First of all, I want to know your reaction to the tax deal that’s before the Congress. It doesn’t have too many elements of deficit reduction.
It’s a great disappointment, a tremendous disappointment, because —what is it, $858 billion in two years added to the deficit? I mean, that just breaks your heart. What the hell do you think we’ve been talking about? Whether you’re for [or against] anything that the commission did, what the hell have we been talking about?
One of the points you’ve made is that when or if financial collapse comes, it’ll happen very quickly, which is why we need to get ready—we can’t wait until it starts happening to reform the system.
The Chinese have already reduced our credit just a shade. I can’t remember if it went from +AA to whatever, but the rating game is different in every country. The point is, if they look at the United States, [they might] say, “Look, everybody has been saying for these last months and years that this country has an unsustainable debt, the deficit is rising, interest payments will be $1 trillion in the year 2020, whatever the figure was, and they have done nothing; they have chickened out; they have failed to address it in any way and therefore, we ain’t sticking our money in there anymore, and we want some of ours out.” And then it will be precipitous. It won’t be six months, might not even be six weeks. It might be six days when they suddenly start the flight. And I know how bankers are: once the flight starts, and the money and the rumors, it’ll be fast and difficult.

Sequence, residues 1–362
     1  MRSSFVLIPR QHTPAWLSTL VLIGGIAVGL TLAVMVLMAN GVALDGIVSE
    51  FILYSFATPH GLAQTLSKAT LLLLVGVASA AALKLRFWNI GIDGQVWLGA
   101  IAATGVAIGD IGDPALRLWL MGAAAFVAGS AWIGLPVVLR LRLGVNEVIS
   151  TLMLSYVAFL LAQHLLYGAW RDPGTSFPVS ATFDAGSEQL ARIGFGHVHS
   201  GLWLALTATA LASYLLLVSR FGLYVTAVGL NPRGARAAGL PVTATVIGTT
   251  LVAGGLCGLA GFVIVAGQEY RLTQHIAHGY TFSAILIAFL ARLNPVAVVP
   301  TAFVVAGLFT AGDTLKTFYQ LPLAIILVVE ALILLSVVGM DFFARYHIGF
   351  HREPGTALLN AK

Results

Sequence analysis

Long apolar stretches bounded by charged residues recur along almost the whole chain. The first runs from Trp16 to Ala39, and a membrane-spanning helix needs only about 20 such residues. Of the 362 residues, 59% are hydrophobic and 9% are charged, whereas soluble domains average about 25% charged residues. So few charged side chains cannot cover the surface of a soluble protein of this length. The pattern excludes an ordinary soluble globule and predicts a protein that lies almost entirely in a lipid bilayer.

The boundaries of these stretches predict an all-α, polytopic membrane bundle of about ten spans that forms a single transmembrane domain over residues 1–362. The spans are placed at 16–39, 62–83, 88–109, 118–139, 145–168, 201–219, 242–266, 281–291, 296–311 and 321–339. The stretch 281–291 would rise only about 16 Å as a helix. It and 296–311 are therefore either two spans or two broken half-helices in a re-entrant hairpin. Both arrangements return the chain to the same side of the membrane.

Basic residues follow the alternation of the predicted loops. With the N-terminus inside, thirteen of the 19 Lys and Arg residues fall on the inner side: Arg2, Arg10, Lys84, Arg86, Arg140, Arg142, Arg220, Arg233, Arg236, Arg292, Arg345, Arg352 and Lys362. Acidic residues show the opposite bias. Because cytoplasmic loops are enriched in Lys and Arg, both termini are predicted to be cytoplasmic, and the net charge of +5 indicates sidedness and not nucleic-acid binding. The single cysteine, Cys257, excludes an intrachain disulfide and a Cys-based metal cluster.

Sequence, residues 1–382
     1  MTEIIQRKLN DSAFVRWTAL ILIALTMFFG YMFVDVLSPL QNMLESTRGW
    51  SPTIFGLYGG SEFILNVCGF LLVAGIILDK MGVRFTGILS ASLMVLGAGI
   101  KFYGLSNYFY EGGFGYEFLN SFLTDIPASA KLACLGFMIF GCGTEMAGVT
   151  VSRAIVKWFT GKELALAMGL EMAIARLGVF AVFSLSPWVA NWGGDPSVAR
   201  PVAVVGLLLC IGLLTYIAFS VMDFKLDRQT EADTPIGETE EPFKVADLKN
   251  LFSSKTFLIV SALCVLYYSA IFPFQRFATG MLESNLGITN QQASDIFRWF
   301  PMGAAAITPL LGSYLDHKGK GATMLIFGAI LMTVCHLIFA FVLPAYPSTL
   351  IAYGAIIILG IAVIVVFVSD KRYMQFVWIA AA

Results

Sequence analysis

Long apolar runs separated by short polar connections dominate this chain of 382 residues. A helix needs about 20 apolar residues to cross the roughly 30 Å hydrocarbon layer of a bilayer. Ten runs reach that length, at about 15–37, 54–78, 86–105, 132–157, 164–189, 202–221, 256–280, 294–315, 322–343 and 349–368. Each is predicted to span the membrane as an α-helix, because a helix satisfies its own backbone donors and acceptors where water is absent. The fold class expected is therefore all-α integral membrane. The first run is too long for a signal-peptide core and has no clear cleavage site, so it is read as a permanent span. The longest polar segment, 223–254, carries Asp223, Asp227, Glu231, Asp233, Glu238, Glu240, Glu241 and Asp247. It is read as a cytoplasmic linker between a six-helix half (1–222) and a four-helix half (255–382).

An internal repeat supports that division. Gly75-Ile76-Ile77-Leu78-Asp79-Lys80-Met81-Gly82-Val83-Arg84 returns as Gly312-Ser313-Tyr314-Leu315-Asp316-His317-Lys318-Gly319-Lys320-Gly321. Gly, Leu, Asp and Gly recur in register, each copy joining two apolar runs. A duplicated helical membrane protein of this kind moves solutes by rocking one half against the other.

Can you imagine this happening within the next year? Five years? Do you have any kind of time frame?
We don’t know the tipping point. But the tipping point will come if you fail to address the long-term problem of debt, deficit, and interest. And we won’t be able to define it, but our creditors sure as hell will.
You said dealing with Congress on this was like feeding a banana to the gorilla in the zoo.
It’s the same thing I’ve done for years, just got my foot right in it. We threw this big banana into the gorilla cage and they’re going to pick it up, play with it, mash it, but they’re gonna eat some of it. They can’t avoid eating some of it because of where they’re headed.
So this is the beginning of the gorillas mashing the banana and it’ll take a while, but that’s how Congress operates.